Worldwide: Corporate Law Developments (January 27, 2017)

This week's corporate law news roundup includes discussions of the G20 Task Force December 14, 2016 release of recommendations for disclosures by companies as to climate-related financial risks and opportunities, with public comment due February 12, 2017; the publication by the European Union’s Department for Business, Energy & Industrial Strategy (BEIS) of regulations effective January 1, 2017 requiring certain reporting obligations as to environmental and social issues (including diversity policies) by certain large public interest entities and large credit and insurance institutions (toward improved transparency for international investors); and the publication by the Council of Institutional Investors (CII) of its “Frequently Asked Question: Majority Voting for Directors” (FAQ) Guide advocating meaningful consequential majority voting for directors.


In connection with the 2015 Paris Accord, on December 14, 2016, the G20 Financial Stability Board Task Force on Climate-Related Financial Disclosures (G20 Task Force) issued voluntary climate-related disclosure guidance for investors, lenders and insurance underwriters to facilitate the correct pricing of the financial impact of global climate change though consistent global disclosure standards. In most G20 jurisdictions, companies with public debt or equity have legal obligations to disclose material risks (including material climate-related risks) in their financial reports. Because the rules in such jurisdictions lack consistency (as a result of which there is no standardized disclosure framework in place), the G20 Task Force has developed recommendations that apply to financial-sector organizations including banks, insurance companies, asset managers and asset owners, including recommendations with regard to: (a) governance and board oversight of climate-related risks and opportunities, (b) short, medium and long-term strategies, (c) risk management and (d) metrics and targets used to assess climate-related risks and opportunities. The 60-day public consultation period for procuring public views on the G20 Task Force's recommendations ends February 12, 2017; an updated G20 Task Force report is anticipated to be delivered in June 2017. For more information, see


Toward improving the transparency of certain European Union companies with regard to non-financial and diversity information (and to implement the EU Non-Financial (NF) Directive approved by the EU in September 2014), the EU’s Department for Business, Energy & Industrial Strategy (BEIS) has published regulations effective January 1, 2017 imposing on certain large public interest entities reporting obligations as to environmental and social issues. Companies with securities admitted to a regulated EU market (called large public interest companies), and credit and insurance institutions with more than 500 employees, will be required to provide a non-financial statement that discloses items such as material environmental and social information, employee matters, respect for human rights and anti-corruption and bribery in their annual reports published beginning 2018. The EU NF Directive also requires disclosures relating to business models, principal non-financial risks and non-financial key performance indicators, as well as additional information in such companies’ corporate governance statements (including as to their diversity policy, covering age, gender, geographical diversity and educational and professional background). The new rules complement the U.K.'s narrative reporting regulations, although they may cover certain U.K. entities that previously were not subject to the U.K. regulations. For more information, see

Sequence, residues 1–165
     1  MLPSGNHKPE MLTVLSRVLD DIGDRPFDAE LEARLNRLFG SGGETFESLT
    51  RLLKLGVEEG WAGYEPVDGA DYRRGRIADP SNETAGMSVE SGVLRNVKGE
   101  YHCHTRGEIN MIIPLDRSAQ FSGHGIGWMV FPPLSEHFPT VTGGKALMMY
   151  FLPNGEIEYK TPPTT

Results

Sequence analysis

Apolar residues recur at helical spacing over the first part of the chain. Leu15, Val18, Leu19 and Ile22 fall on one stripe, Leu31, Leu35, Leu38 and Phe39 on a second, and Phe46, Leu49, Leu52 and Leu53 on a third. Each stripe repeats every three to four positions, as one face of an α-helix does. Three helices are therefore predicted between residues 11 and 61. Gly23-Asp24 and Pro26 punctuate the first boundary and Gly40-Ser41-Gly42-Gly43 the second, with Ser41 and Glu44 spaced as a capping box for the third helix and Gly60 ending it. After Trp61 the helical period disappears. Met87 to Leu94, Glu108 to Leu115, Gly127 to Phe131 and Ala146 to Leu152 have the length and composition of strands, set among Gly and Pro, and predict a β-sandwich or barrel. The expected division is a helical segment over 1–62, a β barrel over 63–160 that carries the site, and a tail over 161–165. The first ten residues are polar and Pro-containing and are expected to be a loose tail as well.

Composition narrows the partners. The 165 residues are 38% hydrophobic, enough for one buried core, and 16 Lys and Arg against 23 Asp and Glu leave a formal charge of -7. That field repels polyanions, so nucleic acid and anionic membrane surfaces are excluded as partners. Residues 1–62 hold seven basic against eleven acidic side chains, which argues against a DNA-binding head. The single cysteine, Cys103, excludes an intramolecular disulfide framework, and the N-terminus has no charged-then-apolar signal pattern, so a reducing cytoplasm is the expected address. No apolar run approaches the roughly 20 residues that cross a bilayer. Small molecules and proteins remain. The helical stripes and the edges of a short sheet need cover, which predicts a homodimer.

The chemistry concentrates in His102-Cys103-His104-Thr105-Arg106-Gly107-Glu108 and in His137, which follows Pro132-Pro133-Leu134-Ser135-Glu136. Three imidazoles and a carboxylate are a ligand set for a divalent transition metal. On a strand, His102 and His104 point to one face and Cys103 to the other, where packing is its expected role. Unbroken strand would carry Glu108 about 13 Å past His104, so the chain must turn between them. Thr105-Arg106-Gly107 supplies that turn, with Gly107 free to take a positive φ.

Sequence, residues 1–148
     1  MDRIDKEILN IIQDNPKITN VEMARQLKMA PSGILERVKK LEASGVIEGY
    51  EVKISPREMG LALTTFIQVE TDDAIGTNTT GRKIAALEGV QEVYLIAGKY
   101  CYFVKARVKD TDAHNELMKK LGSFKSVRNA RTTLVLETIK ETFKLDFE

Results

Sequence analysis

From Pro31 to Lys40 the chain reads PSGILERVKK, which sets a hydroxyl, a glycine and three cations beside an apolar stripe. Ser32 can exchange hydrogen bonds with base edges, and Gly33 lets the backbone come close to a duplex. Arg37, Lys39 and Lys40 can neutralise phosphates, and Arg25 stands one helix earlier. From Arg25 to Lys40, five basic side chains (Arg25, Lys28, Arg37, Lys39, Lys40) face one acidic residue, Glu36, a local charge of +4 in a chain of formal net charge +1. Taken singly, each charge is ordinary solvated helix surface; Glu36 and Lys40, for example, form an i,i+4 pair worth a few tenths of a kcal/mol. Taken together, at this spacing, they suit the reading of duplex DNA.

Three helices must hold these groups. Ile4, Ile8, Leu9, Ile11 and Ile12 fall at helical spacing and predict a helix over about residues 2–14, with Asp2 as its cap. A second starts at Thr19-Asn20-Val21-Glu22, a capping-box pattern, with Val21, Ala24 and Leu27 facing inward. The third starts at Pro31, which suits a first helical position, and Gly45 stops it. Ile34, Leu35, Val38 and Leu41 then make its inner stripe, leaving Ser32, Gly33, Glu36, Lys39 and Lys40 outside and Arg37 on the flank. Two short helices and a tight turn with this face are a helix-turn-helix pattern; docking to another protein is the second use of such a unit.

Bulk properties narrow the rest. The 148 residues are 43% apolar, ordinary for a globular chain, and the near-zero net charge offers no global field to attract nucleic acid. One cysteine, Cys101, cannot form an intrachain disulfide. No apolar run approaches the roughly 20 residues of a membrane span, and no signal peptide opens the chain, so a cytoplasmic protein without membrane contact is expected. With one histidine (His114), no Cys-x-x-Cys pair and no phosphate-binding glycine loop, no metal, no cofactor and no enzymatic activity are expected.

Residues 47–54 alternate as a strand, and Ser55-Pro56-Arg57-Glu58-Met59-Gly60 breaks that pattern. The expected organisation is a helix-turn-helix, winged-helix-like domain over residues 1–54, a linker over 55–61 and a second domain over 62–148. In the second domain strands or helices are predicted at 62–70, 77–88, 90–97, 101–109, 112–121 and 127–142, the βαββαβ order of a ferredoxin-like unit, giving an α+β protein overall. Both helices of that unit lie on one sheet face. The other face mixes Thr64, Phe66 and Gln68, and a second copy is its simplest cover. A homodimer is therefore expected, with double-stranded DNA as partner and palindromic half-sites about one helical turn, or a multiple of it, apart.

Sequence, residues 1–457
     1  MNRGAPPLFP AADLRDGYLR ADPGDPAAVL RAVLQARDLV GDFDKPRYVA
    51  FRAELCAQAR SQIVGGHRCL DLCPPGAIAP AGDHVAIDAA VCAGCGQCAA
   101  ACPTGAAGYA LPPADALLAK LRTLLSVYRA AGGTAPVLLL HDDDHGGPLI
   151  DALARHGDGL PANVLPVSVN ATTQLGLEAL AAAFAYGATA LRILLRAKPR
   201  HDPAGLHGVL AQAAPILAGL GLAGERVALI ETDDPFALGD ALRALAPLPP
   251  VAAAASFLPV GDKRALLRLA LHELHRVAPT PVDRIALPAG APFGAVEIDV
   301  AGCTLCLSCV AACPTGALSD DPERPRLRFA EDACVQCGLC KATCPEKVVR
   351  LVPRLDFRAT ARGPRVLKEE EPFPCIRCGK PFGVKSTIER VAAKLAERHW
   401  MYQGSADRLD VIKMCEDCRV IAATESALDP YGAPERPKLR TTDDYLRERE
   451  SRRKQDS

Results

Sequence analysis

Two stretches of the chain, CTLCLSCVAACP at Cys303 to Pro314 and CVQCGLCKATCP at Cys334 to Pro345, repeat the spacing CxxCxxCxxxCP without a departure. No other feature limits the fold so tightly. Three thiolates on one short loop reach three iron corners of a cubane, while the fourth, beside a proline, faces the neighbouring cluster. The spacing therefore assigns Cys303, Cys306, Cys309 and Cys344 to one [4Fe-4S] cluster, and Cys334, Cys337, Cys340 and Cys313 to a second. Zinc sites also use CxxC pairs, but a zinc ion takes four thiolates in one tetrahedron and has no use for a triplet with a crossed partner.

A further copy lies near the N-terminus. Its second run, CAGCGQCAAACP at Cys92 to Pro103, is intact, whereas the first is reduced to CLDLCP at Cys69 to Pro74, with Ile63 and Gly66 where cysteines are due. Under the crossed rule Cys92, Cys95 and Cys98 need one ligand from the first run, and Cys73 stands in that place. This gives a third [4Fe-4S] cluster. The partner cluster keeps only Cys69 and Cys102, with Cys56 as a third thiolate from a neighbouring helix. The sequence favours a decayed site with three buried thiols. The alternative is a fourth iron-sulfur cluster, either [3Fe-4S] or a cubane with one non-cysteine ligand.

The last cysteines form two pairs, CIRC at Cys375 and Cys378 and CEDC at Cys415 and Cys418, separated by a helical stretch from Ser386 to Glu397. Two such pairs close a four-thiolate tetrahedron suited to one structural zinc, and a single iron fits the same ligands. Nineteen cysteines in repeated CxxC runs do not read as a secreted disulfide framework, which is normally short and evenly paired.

On January 5, 2017, the Council of Institutional Investors (CII) addressed the issue of varying majority voting standards across corporations by publishing a guide entitled Frequently Asked Question: Majority Voting for Directors (FAQs) advocating meaningful consequential majority voting for directors. Under the FAQs, meaningful consequential majority voting means that directors must depart when they receive more "against" than "for" votes. The CII noted that according to FactSet, almost 90% of S&P 500 companies have a traditional form of majority voting, compared with only 29% of Russell 2000 companies that use a majority voting standard in uncontested elections. The CII also reported that only a handful of U.S. companies provide for consequential majority voting. The CII released the FAQs to encourage companies to adopt strict majority voting instead of one of three other iterations of voting, including (a) plurality voting, whereby board nominees who receive the most "for" votes are elected until all Board seats are filled, (b) a “plurality-plus” voting standard in which a nominee who fails to receive majority support is legally elected to another term subject to Board acceptance of such nominee’s resignation (and in which a nominee may be elected with one vote in an uncontested election), and (c) majority voting with a resignation that the Board may refuse to accept. The CII sees consequential majority voting for directors as very significant to (and desired by) shareholders: the CII noted that according to FactSet, between 2013 and 2016, 89 management proposals for a strict majority vote standard received the support of 98% of shareholders. For more information, see

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